Ella has been busy with her work at the Dave Pearson Trust - she has now moved from the top floor of the studio to the middle floor, and has just begun the process of cataloguing the works stored on that level.

I walked in the other day and she had just reached number 11000 in the cataloguing of  Dave Pearson's work. I couldn't resist taking a photo of the handwritten entry on the back of the painting. 

It's one of the large 'Encyclopaedia' series...when Dave was bedridden towards the end of his life he focused his energies on relatively small, manageable works on paper. This series used photocopied texts which he then worked over in a variety of media - gouache, pencil, ink - combined with self-portraits. 

Wednesday, 27 January 2016

Dave Pearson on Pinterest

To see a great selection of some of Dave Pearson's work go to his page on Pinterest. It's at and there's a wide choice of great paintings, drawings and prints. You can follow the board if you wish to see new additions to the page, such as the large pastel drawing of the Minehead Hobby Hoss (above), and the graphite drawing from 'In the 7 Woods' (below).

The Pinterest page is maintained by the Dave Pearson Trust. 

Thursday, 14 January 2016


We visited Alan Birch in Prospect Studios again this morning. Alan has continued to proof nearly 60 of Dave Pearson's etching and drypoint plates. So Ella and I have been able to go through the whole selection and decide which ones for Alan to take to the next stage. 

The prints fall into two series. First steel plate etchings, nearly all of which are from the early 1970s series of Calendar Customs, that explore British traditional customs and place them in a formalised landscape setting. These are large (mostly about 70cms x 45cms), really attractive and highly detailed. We've asked Alan to take 15 of these and print up top copies.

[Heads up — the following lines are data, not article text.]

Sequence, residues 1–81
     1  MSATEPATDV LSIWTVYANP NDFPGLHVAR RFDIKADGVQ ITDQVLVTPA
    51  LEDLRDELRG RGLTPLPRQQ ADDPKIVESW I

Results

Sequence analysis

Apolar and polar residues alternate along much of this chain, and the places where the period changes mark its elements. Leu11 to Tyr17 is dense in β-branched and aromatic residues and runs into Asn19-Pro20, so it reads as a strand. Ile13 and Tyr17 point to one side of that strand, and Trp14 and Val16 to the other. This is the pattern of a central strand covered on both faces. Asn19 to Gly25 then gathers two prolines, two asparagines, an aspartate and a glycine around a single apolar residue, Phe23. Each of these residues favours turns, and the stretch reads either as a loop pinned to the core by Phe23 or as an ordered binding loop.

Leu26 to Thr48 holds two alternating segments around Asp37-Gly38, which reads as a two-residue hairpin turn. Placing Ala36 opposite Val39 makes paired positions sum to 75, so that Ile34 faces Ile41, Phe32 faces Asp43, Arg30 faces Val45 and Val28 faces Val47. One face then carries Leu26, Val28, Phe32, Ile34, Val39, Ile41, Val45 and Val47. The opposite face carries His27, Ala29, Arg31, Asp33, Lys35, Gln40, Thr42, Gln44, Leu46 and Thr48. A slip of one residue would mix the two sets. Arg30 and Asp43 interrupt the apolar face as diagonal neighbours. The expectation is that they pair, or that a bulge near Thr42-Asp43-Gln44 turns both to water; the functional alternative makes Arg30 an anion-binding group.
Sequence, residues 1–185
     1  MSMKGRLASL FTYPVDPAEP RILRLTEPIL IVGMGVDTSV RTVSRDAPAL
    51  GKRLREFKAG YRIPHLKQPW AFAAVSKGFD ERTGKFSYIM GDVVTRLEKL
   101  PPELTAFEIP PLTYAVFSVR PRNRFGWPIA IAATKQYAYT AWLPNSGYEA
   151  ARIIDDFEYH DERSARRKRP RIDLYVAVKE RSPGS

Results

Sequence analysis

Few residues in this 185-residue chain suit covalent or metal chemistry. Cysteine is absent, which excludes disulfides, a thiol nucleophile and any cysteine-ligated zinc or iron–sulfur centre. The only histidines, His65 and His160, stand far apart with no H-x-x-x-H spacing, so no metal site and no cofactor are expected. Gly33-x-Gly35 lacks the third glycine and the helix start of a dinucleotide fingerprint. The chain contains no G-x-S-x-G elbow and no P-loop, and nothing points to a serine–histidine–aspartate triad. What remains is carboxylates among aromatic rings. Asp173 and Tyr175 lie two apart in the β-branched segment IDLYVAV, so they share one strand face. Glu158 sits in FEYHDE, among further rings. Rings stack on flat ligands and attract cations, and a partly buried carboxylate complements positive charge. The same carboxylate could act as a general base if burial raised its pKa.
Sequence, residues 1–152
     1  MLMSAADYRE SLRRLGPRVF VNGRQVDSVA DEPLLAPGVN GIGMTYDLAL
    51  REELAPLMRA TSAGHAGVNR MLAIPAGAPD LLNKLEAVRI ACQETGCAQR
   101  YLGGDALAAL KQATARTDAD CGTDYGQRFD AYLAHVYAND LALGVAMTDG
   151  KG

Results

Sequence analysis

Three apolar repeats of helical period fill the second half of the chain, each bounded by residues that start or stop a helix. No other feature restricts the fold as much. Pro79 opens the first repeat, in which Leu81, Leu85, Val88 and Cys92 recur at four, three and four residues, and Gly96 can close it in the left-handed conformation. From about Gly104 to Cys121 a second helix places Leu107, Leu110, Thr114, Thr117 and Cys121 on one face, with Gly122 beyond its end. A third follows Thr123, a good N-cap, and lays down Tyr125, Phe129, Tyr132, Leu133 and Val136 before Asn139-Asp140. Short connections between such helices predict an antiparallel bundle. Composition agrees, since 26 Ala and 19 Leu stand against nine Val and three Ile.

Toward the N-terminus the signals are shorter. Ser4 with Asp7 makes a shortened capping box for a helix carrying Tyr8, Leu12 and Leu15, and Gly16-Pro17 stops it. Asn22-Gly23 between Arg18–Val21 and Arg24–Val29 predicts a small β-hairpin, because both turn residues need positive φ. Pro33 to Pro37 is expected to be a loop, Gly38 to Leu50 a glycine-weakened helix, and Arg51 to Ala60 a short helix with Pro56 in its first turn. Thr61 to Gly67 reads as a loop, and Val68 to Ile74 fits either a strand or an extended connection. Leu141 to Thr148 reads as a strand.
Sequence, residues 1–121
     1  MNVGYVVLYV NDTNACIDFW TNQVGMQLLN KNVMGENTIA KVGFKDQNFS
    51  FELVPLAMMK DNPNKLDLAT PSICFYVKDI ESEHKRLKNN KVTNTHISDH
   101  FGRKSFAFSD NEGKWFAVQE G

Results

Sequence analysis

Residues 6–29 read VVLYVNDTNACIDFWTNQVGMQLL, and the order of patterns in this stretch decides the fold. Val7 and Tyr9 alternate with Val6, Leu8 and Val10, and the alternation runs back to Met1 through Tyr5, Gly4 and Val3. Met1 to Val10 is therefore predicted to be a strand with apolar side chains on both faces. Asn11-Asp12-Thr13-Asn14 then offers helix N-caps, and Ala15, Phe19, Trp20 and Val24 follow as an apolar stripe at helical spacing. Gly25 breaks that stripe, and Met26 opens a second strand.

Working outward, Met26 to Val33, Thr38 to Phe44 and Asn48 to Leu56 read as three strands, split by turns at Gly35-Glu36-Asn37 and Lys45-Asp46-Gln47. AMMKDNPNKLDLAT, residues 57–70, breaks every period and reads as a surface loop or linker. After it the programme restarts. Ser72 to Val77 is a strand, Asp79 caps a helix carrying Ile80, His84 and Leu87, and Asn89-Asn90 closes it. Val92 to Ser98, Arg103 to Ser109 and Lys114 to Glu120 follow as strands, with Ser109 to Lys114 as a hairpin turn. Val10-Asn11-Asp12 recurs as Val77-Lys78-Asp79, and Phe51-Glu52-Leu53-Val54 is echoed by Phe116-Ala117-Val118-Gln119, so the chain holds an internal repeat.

The other main group, of which we've chosen 11 for Alan to print, is a looser, more expressionist set. Still fairly large, these are drypoint from the later 1970s, hand etched onto a soft metal (aluminium) plate. Many of them are a development in terms of subject matter from the 'Calendar Customs' series - still relating to traditional customs, though with a few interiors of his studio, and one simply of trees:

Our hope is that Alan will finish the next set, which will be printed on top quality paper with a good border all around, next month. I'll then start looking for interested galleries for an exhibition of the work. The Whitaker in Rawtenstall has already expressed an interest, and the whole process of rediscovering these plates should make for a very interesting exhibition, especially for anyone interested in printmaking. 

Wednesday, 16 December 2015

Reviving Dave's prints

One of the very recent developments with Dave's work is that we have asked the printmaker Alan Birch to look at the etching and drypoint plates left by Dave and see whether any can be brought back to a usable state and, if so, select some for creating new editions from. 

Alan came to the studio and selected a good number of plates to work on. The process involves cleaning them of their dirt, ink, rust and other layers of material, and then making an assessment of whether the plate is in good enough condition to print from. If Alan believes that they are, he will then print a proof. 

This morning Ella and I went along to Alan's workshop at Prospect Studio in Waterfoot, and looked at four large plates that he had just taken proof copies from. They were all remarkable images, from the Calendar Customs series of the late 1970s, and in surprisingly good condition. In each case we were enthusiastic about Alan following this up by taking the process through to edition stage.

Above are some details of two if the plates. They're extremely beautiful images, and we're convinced that these are very collectable. We're also asking Alan to continue with the process; there are at least another 30 or 40 plates good enough to explore in this way.